G5 or iMac

Discussion in 'Buying Tips and Advice' started by Regis27, Mar 5, 2008.

  1. Regis27 macrumors member

    Dec 13, 2006
    I've read the similarly titled threads posted here in the last few months but I'm not looking for purely a speed boost. I'm currently running a ibook G4 1.2GHZ with max'd 1.25 GB RAM.

    My problems:

    1. 1.25 GB is not enough RAM. I keep an eye on MenuMeters and Activity Monitor and I'm often running out of free memory and sometimes out of the inactive space as well. I'm closing apps to open others, and I feel it's cutting into my productivity.

    2. Simple things like browsing through the finder are taking too long. It should take more than a second to load a window's contents or scroll through the applications folder.

    My considerations:

    Most importantly, I don't have time right now to reinstall everything from scratch and get everything set up again. I want to simply clone my drive over and keep on working. One of the reasons I'm considering a G5 is because I assume that my current system installation would be able to work without a reinstall. This is also why I don't plan to move to Leopard in the near-term (everything that's working now has to keep working for at least 6-8 months, or I might as well stick with the ibook).

    Since I'm running out of ram now, I don't want a mac that will max out at 2GB. With the g5, I could get at least to 4GB even if it's not optimally filled.

    I don't do a lot of computationally intensive tasks like movie encoding or Photoshop transformations, instead I'm working with databases of lots of files and writing (finishing up my PhD).

    When I graduate latter this year I plan to replace the ibook with a macbook or mbp (or macTablet :) and retask the g5 or imac to home for iPhoto, ichat, email, Quicken, and playing DVDs.

    Any thoughts or advice would be appreciated.
  2. ebouwman macrumors 6502a

    Jan 5, 2007
    Well the iMac does support up to 4GB of ram, not just the 2GB you said, so theres a plus.

    I really think that eventually you're going to have to move to leopard so why not get it over with. You could still keep working on your iBook until you are completely happy with the way you're iMac is set up, if thats the road you take.

    I'm personaly all for new technology rather than getting older equipment and then replacing it sooner.

    Also if you say you want to get an MBP then why don't you just do that now instead of later? The only problem then being that then you would be limited to 2GB.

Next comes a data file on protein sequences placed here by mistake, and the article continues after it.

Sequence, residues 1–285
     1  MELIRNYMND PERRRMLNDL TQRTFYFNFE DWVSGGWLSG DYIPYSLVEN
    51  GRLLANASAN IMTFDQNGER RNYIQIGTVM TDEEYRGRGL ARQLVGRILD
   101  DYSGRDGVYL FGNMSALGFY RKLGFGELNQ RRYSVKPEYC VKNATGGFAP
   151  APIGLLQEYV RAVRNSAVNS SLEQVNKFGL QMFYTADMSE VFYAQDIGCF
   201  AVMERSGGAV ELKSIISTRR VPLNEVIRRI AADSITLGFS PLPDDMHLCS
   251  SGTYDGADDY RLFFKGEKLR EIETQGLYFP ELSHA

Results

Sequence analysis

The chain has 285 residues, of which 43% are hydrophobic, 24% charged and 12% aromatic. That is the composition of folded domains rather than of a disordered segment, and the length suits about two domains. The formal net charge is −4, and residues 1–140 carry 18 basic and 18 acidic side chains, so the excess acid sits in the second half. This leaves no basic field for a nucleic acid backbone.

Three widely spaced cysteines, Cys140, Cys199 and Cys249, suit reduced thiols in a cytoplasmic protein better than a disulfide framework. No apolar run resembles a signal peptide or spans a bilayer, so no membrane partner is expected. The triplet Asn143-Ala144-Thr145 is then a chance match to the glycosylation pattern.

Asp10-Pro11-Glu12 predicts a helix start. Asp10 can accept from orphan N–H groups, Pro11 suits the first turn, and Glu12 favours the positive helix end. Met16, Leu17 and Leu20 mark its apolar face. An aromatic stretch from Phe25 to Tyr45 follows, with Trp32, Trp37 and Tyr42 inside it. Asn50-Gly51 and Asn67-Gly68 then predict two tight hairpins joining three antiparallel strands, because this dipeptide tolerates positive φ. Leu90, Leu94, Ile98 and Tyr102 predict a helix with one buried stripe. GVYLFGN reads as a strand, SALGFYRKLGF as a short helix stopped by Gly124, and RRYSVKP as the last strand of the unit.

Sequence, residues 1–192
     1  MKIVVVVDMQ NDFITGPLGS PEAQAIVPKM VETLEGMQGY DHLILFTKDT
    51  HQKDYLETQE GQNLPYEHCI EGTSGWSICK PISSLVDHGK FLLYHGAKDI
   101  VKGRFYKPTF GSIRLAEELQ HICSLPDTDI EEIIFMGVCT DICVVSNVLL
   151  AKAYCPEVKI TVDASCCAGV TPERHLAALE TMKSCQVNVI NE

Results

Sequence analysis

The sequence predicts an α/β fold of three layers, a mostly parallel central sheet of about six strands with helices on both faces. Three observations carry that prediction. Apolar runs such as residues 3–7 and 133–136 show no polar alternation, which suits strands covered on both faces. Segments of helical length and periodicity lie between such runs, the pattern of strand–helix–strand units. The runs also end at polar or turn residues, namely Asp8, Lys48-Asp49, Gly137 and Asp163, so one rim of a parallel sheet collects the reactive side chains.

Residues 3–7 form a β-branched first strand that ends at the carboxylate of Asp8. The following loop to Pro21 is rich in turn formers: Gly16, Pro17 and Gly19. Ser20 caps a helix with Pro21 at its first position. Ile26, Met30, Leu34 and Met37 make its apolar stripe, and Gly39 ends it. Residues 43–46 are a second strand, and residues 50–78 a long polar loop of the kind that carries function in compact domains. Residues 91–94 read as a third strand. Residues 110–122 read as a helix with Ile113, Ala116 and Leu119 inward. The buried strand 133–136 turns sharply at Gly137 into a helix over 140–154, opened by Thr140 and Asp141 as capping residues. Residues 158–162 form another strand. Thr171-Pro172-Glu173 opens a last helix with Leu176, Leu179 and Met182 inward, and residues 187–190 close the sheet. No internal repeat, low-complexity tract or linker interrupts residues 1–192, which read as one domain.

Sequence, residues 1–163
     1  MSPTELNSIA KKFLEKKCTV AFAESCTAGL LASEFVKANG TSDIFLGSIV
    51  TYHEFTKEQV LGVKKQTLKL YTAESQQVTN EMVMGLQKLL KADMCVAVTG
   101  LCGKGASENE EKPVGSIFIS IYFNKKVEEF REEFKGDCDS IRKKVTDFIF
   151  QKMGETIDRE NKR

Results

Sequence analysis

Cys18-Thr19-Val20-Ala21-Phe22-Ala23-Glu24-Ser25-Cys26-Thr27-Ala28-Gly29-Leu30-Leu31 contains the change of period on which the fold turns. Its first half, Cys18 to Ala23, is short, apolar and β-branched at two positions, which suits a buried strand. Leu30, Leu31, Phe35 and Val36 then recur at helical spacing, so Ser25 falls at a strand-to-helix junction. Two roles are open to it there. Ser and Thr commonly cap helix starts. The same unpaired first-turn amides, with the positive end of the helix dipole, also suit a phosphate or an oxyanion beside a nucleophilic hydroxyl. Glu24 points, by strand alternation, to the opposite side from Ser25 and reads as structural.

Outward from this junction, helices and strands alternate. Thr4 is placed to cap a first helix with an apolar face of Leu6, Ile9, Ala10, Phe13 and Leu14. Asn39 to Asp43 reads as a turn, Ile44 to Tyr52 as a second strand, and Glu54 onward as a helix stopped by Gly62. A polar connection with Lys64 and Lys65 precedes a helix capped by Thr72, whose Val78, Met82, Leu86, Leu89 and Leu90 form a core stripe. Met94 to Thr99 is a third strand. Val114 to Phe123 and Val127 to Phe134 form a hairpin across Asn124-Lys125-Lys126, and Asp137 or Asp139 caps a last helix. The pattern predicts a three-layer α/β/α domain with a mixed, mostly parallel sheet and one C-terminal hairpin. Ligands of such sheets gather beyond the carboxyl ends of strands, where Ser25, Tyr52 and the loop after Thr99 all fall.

3. Regis27 thread starter macrumors member

    Dec 13, 2006
    Sorry, I meant to add that since most iMacs were limited to 2GB, I'd have to choose one of the more recent (and more expensive) ones. And with the limited slots I'd have to probably throw away (ie. sell) the RAM that came with an iMac if I wanted to get it to 4GB. (on the flip side, iMac ram is cheaper right now than G5 ram.)

    Also, the thing with getting a MBP now is money: I figure $600-700 for a single processor G5, $700-800 for a DP G5, and about $1000 for an iMac.
  4. Pees330 macrumors 6502

    May 26, 2006
    Las Vegas, NV
    I would go for the iMac considering it has intel inside. This is the direction that Apple is moving in. But if you already have a monitor and all that, you could go for the G5. I don't know if money is an issue, but if I were you I would get the iMac. It's more future proof.
  5. velocityg4 macrumors 601


    Dec 19, 2004
    Well since both time and money are important factors for you I would say just get the G5. Since your intention for this machine is a temporary solution to cover your needs while you get your Ph.D this should work rather well for you. I don't know how many years are remaining for your Ph.D but you can always sell the G5 when you can afford the Macbook and have the time to fiddle with Leopard and find Universal apps.

    Since it uses a PowerPC chip the transition should be less time consuming. A switch to the iMac would not only mean installing the OS and software it would also involve finding all of your current Applications in Universal Binary assuming they have been updated.

    As for cloning the hard drive to the G5 I would try using Superduper. I am not absolutely certain if this would work with an iBook to G5 transition. However, I have successfully taken a hard drive from a pre-firewire G3 iMac and placed it in a G4 iMac. Which I then installed 10.4 onto, this installation was then returned to the G3 and it worked fine. From this I gather that Mac OS X installs all drivers onto the hard drive making it machine independent. Though you may run into problems if you are using the included version of Mac OS X rather than a retail copy.

    What must be considered is that the G5 is a temporary solution and uses a PowerPC CPU. It will not have the useful life of an Intel iMac, you can not run Windows (at least without a real slow emulator), it is generally slower and does not include a screen.
  6. Regis27 thread starter macrumors member

    Dec 13, 2006
    Thanks everyone for your ideas. I'm going to keep my eyes open for a good deal on G5s but if Apple updates the iMac and my bookstore closes out the old model, I'll definitely consider one of those.
  7. ucfgrad93 macrumors P6


    Aug 17, 2007
    Good advice and I agree.
  8. Techguy172 macrumors 68000

    Feb 2, 2007
    Ontario Canada
    G5's are still very good machines and If you already have a monitor I would get one the iMac is nice because it will last longer but it also takes up less space and still provides a nice upgrade so if you want to spend extra and get a better machine the iMac is for you.

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